In a previous article, I sought to clarify the terms we use in speaking of Obsessive-Compulsive Disorder (OCD) in order to help identify the disorder. I also attempted to normalize obsessional thoughts and emphasized the importance of accurately judging intrusive thoughts. In this article, I would like to follow up by outlining how avoidance and safety-seeking behaviors contribute to the vicious cycle of OCD. If you are struggling with what you think might be OCD or something similar, getting as much information as you can about some common symptoms and behaviors can help you to clarify your need for help. I will also outline how a Christian counselor can help if you think that you, or a loved one, are experiencing OCD symptoms.
Strategies That Provide Temporary Feelings of Safety
In discussing OCD symptoms and behaviors, it is always important to remember that OCD is a specific type of anxiety disorder. Obsessions are the persistent and repetitive thoughts, images or impulses that are experienced as intrusive and that cause distress or anxiety. Compulsions, on the other hand, are repetitive behaviors or mental acts that individuals engage in in response to their obsessions. So, while obsessions increase anxiety, compulsions are attempts to temporarily decrease anxiety. Aside from compulsive rituals, there are other strategies that I have often seen individuals use in an attempt attain the same effect as compulsive rituals. These strategies include avoidance and escape and can be collectively termed safety-seeking behaviors. They are called safety-seeking behaviors because they lead to temporary feelings of safety, making one feel as if something awful has been avoided.
Avoidance and Escape
Both the compulsive rituals and the safety-seeking behaviors would be adaptive responses if there was real danger present. However, because obsessional fear is based on misinterpretations, the resulting responses such as rituals and safety-seeking behaviors are unnecessary and, in fact, quite counterproductive. Avoidance tricks the individual into thinking that they have averted catastrophe. A simple example of this is when you avoid touching the bathroom door with your hands and you don’t get sick. You then mistakenly believe that you didn’t get sick because you did not touch the bathroom door. Avoidance tricks you, but it also keeps you from learning that the feared situation is not actually dangerous.
Another strategy used when a feared situation cannot be avoided is to escape from the feared situation in order to relieve the anxiety as quickly as possible in any way that seems to work. The problem here is that such behaviors, while relieving distress temporarily, often develop into patterns. It makes sense that these behaviors develop because they come out of our natural response to distress and anxiety. But, while safety-seeking behaviors are responses to obsessions that seem helpful in the moment, they almost always backfire in the long run and perpetuate the vicious cycle of OCD.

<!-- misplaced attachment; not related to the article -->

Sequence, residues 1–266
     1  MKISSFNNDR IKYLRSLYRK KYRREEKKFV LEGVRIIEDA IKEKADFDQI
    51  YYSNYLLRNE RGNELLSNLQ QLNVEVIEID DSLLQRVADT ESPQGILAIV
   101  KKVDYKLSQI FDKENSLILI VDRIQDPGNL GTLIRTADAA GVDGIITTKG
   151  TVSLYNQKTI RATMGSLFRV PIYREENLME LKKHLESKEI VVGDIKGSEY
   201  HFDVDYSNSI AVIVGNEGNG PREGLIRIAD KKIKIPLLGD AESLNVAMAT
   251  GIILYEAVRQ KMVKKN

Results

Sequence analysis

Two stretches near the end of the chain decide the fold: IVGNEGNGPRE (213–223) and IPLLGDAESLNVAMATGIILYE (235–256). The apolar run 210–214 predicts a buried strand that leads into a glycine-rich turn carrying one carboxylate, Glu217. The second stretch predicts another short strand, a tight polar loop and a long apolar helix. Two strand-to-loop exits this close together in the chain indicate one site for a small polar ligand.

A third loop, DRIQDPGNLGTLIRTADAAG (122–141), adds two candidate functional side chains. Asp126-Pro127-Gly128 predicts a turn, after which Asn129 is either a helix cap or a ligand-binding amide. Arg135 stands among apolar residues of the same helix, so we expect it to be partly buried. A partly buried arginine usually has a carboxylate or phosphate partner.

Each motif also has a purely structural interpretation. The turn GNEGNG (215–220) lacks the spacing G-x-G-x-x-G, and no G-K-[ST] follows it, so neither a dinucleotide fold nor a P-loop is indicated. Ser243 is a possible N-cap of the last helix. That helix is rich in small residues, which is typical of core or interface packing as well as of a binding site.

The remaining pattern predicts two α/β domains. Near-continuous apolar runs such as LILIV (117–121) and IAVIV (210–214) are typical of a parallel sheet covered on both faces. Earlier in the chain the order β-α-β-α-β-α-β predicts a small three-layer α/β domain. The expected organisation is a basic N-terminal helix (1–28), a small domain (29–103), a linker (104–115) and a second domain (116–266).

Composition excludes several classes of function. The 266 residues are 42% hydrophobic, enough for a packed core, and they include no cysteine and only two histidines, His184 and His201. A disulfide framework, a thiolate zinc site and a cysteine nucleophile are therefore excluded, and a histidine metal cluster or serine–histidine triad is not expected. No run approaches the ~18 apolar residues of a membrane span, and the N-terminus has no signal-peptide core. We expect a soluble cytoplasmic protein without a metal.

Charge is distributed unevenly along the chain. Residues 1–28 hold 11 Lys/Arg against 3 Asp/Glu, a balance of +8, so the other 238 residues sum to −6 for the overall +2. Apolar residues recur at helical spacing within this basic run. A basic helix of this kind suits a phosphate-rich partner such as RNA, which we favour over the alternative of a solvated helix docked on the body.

Techniques for Confronting OCD
This is where the help of a Christian counselor can be very beneficial. When confronted with fears and anxiety, it is difficult to be objective. A loved one may be able to provide some perspective, but may not have the tools or knowledge to help you. A Christian counselor can help weaken the patterns by creating opportunities for the individual to learn that safety-seeking behaviors are not necessary to reduce anxiety or prevent negative outcomes. Techniques that I use with OCD symptoms are exposure and response prevention. The idea behind exposure is actually quite simple. Repeatedly confronting thoughts and situations that provoke anxiety helps clients learn that anxiety does not remain at a high level or “spiral out of control.” Instead, distress and anxiety actually subside over time. This is often called habituation. Because individuals with OCD generally escape the feared situation before their anxiety subsides, they never really have the opportunity to see that habituation eventually occurs. It can often be quite liberating for clients to understand that their behaviors are normal responses. But it is even better for them to realize that there are better ways of responding that weaken the power of the OCD symptoms.
Christian Counseling Can Help You Overcome OCD
If you are experiencing any of the symptoms described above, or have a loved one who is, I would encourage you to seek help from a Christian counselor. In the book of Luke (chapter 12:22-23 and 12:28, ESV), Jesus tells his disciples, “Therefore, I tell you, do not be anxious about your life, what you will eat, nor about your body, what you will put on. For life is more than food and the body more than clothes.” He then goes on to provide examples from nature and says, “But if God so clothes the grass, which is alive in the field today, and tomorrow is thrown into the oven, how much more will he clothe you, O you of little faith!” Jesus knew about anxiety, but he also understood God’s care for us. There is help available and I would be happy to come alongside you.
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